Tinder, the millennial generation’s tool for midweek small talk, fumbly in-app seduction, and late-night last resorts, has given its M.O. a shakeup.
“Your night just got better,” Team Tinder proudly exclaimed in a giddy, chatty press release in late July. Its new function, dubbed Tinder Social, enables friends to buddy-up and form groups, and then use its signature swiping function to pair groups of strangers together. Now, you can group chat, group banter, group hang… and group whatever-else-floats-your-boat.
Tinder Social ostensibly makes a lot of sense: It could help the app shed its anti-social reputation and offers a gentle nudge to users too shy or nervous to test the waters alone. If sparks fly between a few of the involved, great! And if not, at least you’ve made some new drinking buddies.
Considering that Tinder has often been accused of perpetuating a dating apocalypse among young people, this strategy makes sense. The company’s hyper-optimistic promo videos similarly suggest the app hopes to entice users with a broader range of experiences, like making honest-to-god friends, sans benefits. But that’s where it gets interesting.
There’s often a gap between the way a company markets a product and the way its clients use it. In the case of Tinder Social, however, that gap might actually be a chasm.
It’s not a quantum leap to presume that when an app known for enabling one-on-one hookups expands its functionality to groups, it might be used for orchestrating orgies. Though Tinder Social only launched in the US on July 21, trailblazing swipers in Australia had a chance to test drive the feature earlier this year. (And there certainly were issues to iron out, such as the unconscious outing of your presence on Tinder to all of your Facebook friends.) Surprise surprise, it turned out that you could use the app for a little more than coordinating picnic schedules.
Jess, a Melbournian twentysomething who has been on a couple of group dates using Tinder Social, says that in her experience, offers of group sex were not uncommon. “But it was never in a misleading or taking-advantage-of sort of way,” she says. “It was usually very polite. Not, Wanna bang? but more, We are here looking for a threesome/foursome, sorry if you aren’t interested in that.”
Jess and a few friends swiped through the offers, and eventually came across a group of guys they liked. “We were just killing time at a bar, and three guys met up with us. They were fine,” she says. “We had drinks and danced a bit and got generally pissed. We went to other bars. Only one of us went home with one of them.”
She thought it was fun—plus, it got her once-reluctant housemate involved. “She doesn’t like Tinder at all, and she’s also a little shy” she says. “It was very comforting for her to have friends around. She much prefers it.”
As there are simply more people involved in each meet up, and therefore more chances for connection, Tinder Social can amplify behavior that already exists in its community—both the good and bad. For example, one Friday night, Jess went straight from work to a group Tinder date that her friends had pre-organized. It was a disaster.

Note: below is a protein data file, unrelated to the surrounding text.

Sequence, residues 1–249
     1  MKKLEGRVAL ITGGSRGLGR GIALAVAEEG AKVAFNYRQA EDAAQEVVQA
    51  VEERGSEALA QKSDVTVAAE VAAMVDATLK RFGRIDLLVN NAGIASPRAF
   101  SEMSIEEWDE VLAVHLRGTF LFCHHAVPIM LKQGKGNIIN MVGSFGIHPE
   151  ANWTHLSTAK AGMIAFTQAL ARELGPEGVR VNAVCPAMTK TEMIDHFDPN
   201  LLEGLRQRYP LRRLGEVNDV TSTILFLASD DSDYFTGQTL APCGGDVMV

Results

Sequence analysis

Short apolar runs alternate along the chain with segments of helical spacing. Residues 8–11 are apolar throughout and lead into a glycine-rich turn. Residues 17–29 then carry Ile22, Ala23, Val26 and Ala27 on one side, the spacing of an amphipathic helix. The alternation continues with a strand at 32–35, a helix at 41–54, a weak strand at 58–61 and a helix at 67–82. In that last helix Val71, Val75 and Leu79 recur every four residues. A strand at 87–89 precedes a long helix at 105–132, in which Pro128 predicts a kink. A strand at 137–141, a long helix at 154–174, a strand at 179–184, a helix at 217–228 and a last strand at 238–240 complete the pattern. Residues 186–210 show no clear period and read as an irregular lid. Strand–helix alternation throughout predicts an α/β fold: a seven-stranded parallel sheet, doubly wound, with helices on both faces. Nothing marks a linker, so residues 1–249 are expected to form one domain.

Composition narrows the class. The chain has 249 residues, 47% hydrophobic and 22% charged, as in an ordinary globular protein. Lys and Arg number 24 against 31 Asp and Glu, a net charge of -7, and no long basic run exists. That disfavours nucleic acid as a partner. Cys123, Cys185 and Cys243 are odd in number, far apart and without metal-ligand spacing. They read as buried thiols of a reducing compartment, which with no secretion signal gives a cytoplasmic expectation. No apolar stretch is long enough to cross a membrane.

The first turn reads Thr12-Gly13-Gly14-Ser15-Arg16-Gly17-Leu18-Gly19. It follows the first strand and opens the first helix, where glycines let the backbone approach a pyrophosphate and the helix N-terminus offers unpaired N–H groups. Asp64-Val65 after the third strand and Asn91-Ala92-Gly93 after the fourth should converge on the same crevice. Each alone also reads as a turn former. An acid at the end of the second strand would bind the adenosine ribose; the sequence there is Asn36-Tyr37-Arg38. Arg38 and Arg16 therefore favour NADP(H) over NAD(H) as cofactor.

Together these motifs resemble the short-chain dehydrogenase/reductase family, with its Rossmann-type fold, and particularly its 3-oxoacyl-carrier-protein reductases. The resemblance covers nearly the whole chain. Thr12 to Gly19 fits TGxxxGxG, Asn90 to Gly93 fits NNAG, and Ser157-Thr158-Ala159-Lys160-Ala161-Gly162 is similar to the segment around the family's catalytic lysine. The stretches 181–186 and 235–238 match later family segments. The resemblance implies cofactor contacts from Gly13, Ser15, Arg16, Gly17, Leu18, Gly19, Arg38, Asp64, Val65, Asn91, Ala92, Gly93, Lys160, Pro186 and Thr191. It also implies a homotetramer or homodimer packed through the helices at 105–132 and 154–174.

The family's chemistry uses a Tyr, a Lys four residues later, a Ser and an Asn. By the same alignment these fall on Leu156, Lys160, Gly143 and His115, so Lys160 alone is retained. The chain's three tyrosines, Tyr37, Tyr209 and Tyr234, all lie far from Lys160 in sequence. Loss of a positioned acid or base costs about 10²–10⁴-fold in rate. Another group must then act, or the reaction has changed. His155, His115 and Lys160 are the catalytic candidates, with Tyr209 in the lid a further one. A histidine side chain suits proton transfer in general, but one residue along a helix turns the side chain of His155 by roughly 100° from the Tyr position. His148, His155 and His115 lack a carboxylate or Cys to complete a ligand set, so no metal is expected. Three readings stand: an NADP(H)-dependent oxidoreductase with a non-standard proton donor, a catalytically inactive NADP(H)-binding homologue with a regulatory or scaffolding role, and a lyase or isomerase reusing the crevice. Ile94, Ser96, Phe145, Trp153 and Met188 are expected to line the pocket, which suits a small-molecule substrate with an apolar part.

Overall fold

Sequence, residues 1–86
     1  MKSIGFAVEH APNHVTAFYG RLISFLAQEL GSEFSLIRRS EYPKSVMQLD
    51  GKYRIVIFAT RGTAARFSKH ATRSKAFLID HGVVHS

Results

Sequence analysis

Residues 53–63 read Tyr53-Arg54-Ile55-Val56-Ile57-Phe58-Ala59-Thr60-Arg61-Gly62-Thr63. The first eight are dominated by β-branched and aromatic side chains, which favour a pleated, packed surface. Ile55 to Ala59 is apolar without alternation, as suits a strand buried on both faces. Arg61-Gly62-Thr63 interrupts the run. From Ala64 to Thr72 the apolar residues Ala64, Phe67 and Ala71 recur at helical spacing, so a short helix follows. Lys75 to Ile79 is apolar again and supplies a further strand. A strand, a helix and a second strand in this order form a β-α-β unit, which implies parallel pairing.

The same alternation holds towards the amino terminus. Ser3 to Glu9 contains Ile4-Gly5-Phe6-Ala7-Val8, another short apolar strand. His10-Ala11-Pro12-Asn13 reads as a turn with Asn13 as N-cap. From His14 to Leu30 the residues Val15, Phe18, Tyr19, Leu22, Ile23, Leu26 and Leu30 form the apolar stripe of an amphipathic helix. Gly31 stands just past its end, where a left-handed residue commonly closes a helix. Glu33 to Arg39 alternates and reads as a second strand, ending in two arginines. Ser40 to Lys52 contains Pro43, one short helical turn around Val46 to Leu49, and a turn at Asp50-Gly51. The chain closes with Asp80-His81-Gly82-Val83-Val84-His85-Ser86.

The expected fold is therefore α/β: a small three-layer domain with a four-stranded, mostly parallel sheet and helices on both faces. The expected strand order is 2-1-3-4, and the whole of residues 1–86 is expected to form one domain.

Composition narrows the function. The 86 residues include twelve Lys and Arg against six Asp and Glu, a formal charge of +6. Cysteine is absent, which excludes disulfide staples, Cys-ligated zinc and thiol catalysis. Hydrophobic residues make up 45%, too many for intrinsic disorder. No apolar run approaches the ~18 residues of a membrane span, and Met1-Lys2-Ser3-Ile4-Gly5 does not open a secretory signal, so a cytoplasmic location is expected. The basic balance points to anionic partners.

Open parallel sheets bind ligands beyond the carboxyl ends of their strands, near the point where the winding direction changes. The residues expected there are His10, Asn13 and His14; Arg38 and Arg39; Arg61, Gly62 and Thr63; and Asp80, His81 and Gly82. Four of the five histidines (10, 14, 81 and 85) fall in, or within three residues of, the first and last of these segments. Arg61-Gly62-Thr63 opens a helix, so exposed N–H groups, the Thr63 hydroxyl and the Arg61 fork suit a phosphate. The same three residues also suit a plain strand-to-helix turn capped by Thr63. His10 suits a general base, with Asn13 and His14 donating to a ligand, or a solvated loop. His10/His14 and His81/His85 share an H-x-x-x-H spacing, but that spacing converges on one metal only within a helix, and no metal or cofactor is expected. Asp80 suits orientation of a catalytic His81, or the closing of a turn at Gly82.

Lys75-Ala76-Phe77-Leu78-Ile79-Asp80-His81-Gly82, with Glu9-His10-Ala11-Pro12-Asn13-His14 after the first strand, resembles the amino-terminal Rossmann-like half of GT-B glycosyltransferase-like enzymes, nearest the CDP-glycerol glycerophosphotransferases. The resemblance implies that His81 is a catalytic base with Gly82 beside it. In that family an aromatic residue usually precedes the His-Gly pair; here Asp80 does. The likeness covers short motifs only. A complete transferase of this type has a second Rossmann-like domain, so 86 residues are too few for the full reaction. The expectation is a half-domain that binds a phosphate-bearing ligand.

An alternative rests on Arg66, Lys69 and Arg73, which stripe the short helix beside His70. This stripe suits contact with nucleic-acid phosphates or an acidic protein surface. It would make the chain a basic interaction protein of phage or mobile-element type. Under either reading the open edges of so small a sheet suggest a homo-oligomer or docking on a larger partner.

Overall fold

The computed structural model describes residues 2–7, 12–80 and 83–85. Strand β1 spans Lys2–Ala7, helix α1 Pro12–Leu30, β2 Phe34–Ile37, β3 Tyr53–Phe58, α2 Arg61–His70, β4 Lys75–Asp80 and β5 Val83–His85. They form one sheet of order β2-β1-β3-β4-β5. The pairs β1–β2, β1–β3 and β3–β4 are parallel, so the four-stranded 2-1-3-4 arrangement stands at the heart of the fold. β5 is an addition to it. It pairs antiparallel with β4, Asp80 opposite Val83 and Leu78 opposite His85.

“I would describe it as general sleaze-assholery—which I haven’t really had from Tinder,” she laughs. “It was a joke. When they first showed up, they each pointed at which one of us they preferred. I wish there was a camera. They were four ridiculously attractive guys. As in, people-stare-at-them-and-they-think-it’s-normal kind of attractive.”
Jess and her friends are part of Tinder’s core demographic: single people looking to hook up with other single people, albeit now in a group-dating context. But what about people who regularly pursue group sex? Could Tinder Social prove an able platform for them to migrate to?
One Sydney man, who “regularly dabbles” in group sex and fetishism, explained that he wouldn’t bother using Tinder Social to get his kicks because specialized, established communities for finding such partners already exist online. He explains, intriguingly, that OkCupid is one of his preferred sites for meeting other polyamorists, while other apps such as Whiplr and websites such as Fetlife sate others.
Another Melbourne twentysomething who is a group sex enthusiast said that he would have loved to use the app to enable a broader array of experiences, but the process was too cumbersome. “Generally, it takes so long to actually organize a meet up that it would probably become the focus of the night,” he says. “It always seemed really logistically weird and about 10 times more awkward than just a single date.”
So what’s the endgame here? Does Tinder want us to make friends, friends-with-benefits, or friends-with-friends-with-benefits? The answer is: all of the above. While Tinder-enabled group sex might not take off, Tinder expanding its reach into all areas of our social lives would benefit future advertising and event opportunities. After all, if two groups of college-aged strangers meet up for the first time, wouldn’t a local bar, festival, or concert want to capitalize on that? Wouldn’t an alcohol brand or a travel company like to reach them? Of course, much of this rests on the “social” element: the idea that the app can steer a large number of users away from its primary function as an enabler of rapid-swipe hookup culture.
The idea that Tinder’s true desire is to both facilitate—and monetize—all of the new connections we make and all those relationships we’re yet to have is wildly ambitious. But it’s a logical next step for the company. For the moment, it’s not a huge stretch to imagine that I could meet my future wife with a swipe. But my best man? Not quite.